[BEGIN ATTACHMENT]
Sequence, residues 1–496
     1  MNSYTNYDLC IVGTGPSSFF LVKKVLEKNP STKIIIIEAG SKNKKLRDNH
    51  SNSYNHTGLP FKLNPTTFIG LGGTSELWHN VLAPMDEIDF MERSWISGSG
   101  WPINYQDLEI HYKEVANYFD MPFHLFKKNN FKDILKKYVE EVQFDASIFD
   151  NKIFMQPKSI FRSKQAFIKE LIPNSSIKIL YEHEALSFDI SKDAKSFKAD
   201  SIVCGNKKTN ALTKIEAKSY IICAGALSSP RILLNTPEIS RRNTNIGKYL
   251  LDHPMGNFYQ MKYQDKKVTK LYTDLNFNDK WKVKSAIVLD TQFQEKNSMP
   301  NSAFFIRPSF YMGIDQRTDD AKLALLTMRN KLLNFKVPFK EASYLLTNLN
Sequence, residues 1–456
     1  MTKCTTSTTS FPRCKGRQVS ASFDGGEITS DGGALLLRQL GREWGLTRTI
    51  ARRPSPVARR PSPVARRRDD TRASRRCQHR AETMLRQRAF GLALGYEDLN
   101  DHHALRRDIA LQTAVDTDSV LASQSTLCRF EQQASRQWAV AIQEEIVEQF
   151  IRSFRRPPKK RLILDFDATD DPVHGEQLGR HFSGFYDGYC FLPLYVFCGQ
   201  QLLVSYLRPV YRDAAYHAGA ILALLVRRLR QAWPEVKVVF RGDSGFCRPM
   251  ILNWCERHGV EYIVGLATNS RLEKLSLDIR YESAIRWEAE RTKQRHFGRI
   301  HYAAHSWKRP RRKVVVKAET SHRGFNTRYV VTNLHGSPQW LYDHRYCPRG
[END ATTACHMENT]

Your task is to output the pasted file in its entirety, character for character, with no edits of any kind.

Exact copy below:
Sequence, residues 1–496
     1  MNSYTNYDLC IVGTGPSSFF LVKKVLEKNP STKIIIIEAG SKNKKLRDNH
    51  SNSYNHTGLP FKLNPTTFIG LGGTSELWHN VLAPMDEIDF MERSWISGSG
   101  WPINYQDLEI HYKEVANYFD MPFHLFKKNN FKDILKKYVE EVQFDASIFD
   151  NKIFMQPKSI FRSKQAFIKE LIPNSSIKIL YEHEALSFDI SKDAKSFKAD
   201  SIVCGNKKTN ALTKIEAKSY IICAGALSSP RILLNTPEIS RRNTNIGKYL
   251  LDHPMGNFYQ MKYQDKKVTK LYTDLNFNDK WKVKSAIVLD TQFQEKNSMP
   301  NSAFFIRPSF YMGIDQRTDD AKLALLTMRN KLLNFKVPFK EASYLLTNLN
Sequence, residues 1–456
     1  MTKCTTSTTS FPRCKGRQVS ASFDGGEITS DGGALLLRQL GREWGLTRTI
    51  ARRPSPVARR PSPVARRRDD TRASRRCQHR AETMLRQRAF GLALGYEDLN
   101  DHHALRRDIA LQTAVDTDSV LASQSTLCRF EQQASRQWAV AIQEEIVEQF
   151  IRSFRRPPKK RLILDFDATD DPVHGEQLGR HFSGFYDGYC FLPLYVFCGQ
   201  QLLVSYLRPV YRDAAYHAGA ILALLVRRLR QAWPEVKVVF RGDSGFCRPM
   251  ILNWCERHGV EYIVGLATNS RLEKLSLDIR YESAIRWEAE RTKQRHFGRI
   301  HYAAHSWKRP RRKVVVKAET SHRGFNTRYV VTNLHGSPQW LYDHRYCPRG